# This directive tells Puma to first boot the application and load code
# before forking the application. This takes advantage of Copy On Write
# process behavior so workers use less memory.
preload_app! # <------ uncomment this line

# Allow Puma to be restarted by the `Rails restart` command.
plugin :tmp_restart
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Also, edit the bottom of config/database.yml by commenting out the existing production config and using this instead:

  url: <%= ENV['DATABASE_URL'] %>
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Lastly, go to your Elasticbeanstalk console on AWS, select the production-env environment, and then go to Configuration.

On the configuration overview screen, click on Modify for the Software portion:

Configuration Overview.

Next, add DATABASE_URL and RAILS_ENV, and then click on 'Apply':

EB env vars

Note that your DB URL is built using the Endpoint you took note of earlier from the RDS dashboard. It is in the format of postgresql://postgres:YOURPASSWORD@ENDPOINT:5432/movie_api_db. If you do not remember the password you chose, you can change it in the Modify section of your DB's RDS dashboard.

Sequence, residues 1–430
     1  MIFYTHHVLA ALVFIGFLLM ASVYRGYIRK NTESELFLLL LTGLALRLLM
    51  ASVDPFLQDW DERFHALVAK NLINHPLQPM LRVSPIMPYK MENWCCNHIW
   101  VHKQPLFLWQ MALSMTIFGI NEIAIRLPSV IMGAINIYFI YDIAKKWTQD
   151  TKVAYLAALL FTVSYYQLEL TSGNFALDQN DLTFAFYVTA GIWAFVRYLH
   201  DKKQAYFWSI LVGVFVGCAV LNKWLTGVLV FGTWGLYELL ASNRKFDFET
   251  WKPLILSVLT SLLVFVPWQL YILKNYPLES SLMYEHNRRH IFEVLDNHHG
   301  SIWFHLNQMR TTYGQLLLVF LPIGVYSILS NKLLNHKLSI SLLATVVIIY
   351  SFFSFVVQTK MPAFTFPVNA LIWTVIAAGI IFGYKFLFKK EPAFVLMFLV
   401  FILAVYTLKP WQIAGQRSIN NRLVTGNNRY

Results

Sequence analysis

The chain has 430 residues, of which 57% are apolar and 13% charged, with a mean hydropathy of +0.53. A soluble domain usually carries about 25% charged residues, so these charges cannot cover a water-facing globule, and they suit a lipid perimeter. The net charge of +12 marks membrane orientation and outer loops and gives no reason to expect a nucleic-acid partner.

Manual Deployment

This is as simple as creating a zip file of your app from the command line and then uploading it on your Elasticbeanstalk console.

First of all, cd into the project folder. To create a zip file, you can then run the following command:

zip -r .
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From the Dashboard of Elasticbeanstalk, click on Upload and Deploy:

Upload and Deploy

You can change the version label to something more meaningful:

Version label

Once Elasticbeanstalk has finished updating the environment, you can visit your environment URL to see your API running! You can use a free service, such as this, to send some requests and populate your DB on AWS.